- Aust Prescr 2011;34:153-9
- 1 October 2011
- DOI: 10.18773/austprescr.2011.082
Patients with metastatic melanoma have a poor prognosis. Although chemotherapy may be given for progressive disease the response rate is low.
Ipilimumab is a recombinant human monoclonal antibody. It binds to the cytotoxic T-lymphocyte associated antigen 4 (CTLA-4) on activated T-cells. This enhances immune responses which could lead to tumour regression.
In a phase II study, 155 patients were given ipilimumab after previous treatment of their unresectable melanomas had failed. They were given an intravenous infusion (10 mg/kg) every three weeks (at weeks 1, 4, 7 and 10) then every 12 weeks. The overall response rate was 5.8%. There were no complete responses but nine patients had a partial response to treatment. With a median follow-up of 10 months, the median overall survival was 10.2 months.1
A double-blind dose-finding trial investigated previously-treated patients with advanced melanoma. The 217 patients were randomised to receive doses of 0.3 mg, 3 mg or 10 mg/kg for induction and maintenance therapy. The overall response rate increased with the dose. While nobody responded to the lowest dose, the response rate was 4.2% with 3 mg/kg and 11.1% with 10 mg/kg. The median overall survival was 8.6 months with 0.3 mg/kg, 8.7 months with 3 mg/kg and 11.4 months with 10 mg/kg.2
The 3 mg/kg dose was used in a phase III double-blind trial. In this study, 137 previously-treated patients were randomised to receive ipilimumab alone while 403 were randomised to also receive a peptide vaccine to induce an immune response. Another group of 136 patients were randomised to receive the vaccine alone. The patients were followed up for up to 55 months. Median survival was only 6.4 months with the vaccine alone. This was significantly less than the 10.1 months with ipilimumab alone and the 10 months in the combined treatment group. After 24 months, 21.6% of the ipilimumab group and 23.5% of the combined treatment group were still alive.3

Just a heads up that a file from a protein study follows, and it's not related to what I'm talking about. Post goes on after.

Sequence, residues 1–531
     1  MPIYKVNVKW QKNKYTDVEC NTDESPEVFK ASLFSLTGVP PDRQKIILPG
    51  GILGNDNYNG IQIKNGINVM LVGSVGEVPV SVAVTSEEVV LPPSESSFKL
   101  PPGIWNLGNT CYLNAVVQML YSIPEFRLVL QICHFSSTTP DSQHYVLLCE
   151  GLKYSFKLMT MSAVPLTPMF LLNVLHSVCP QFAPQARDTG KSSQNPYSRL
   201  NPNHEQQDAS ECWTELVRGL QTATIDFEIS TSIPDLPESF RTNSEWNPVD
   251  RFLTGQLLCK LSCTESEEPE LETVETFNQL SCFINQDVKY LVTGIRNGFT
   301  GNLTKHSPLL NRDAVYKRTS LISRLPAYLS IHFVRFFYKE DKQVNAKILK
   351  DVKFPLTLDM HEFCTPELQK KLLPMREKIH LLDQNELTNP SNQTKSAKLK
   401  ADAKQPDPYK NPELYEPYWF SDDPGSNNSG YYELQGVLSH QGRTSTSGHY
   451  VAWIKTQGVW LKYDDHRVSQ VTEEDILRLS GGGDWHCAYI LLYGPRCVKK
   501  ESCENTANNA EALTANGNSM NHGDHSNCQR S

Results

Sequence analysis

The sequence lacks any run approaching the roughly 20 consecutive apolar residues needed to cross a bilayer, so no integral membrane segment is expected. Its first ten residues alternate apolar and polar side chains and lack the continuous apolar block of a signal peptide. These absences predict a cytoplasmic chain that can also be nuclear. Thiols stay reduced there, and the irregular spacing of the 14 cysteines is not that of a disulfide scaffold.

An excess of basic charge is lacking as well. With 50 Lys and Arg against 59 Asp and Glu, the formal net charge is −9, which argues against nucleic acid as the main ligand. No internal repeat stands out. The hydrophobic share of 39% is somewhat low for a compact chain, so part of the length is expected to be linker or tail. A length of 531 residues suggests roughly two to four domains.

Another trial involved 502 patients with previously untreated metastatic melanoma. They were randomised to receive dacarbazine or dacarbazine plus ipilimumab (10 mg/kg). The median survival was 9.1 months with dacarbazine and 11.2 months with the combination. After 24 months the survival rate was 17.9% with dacarbazine and 28.5% with the combination.4
Stimulating an immune response can provoke severe adverse reactions in any organ system. Gastrointestinal effects are common with ipilimumab and immune-mediated enterocolitis can be fatal. Immune-mediated hepatitis, dermatitis, neuropathy and endocrinopathy can also be life-threatening. In the phase III study of previously treated patients, 2.1% died because of the effects of their treatment (8 patients in the combination group, 4 in the ipilimumab group, 2 in the vaccine group).3 While immune reactions may respond to systemic corticosteroids, a study found that prophylactic oral budesonide does not affect the rate of severe diarrhoea.5
Ipilimumab should be infused over 90 minutes. A steady state is reached by the third dose and the terminal half-life is approximately 15 days. Although some of the trials used a higher dose, the recommended dose is 3 mg/kg.
Ipilimumab improves survival in patients with metastatic melanoma. This improvement comes at the risk of severe adverse reactions which may be delayed in onset and can be persistent. However, there could possibly be a relationship between the immune-mediated adverse effects and the likelihood of the melanoma responding. Further research is needed to assess the role of the drug in other presentations of the disease, particularly as some trials excluded patients with brain metastases. At present ipilimumab is only approved as monotherapy for patients with unresectable or metastatic melanoma who have failed or are intolerant to previous therapy.
The Transparency Score ( ) is explained in New drugs: transparency', Vol 37 No 1, Aust Prescr 2014;37:27.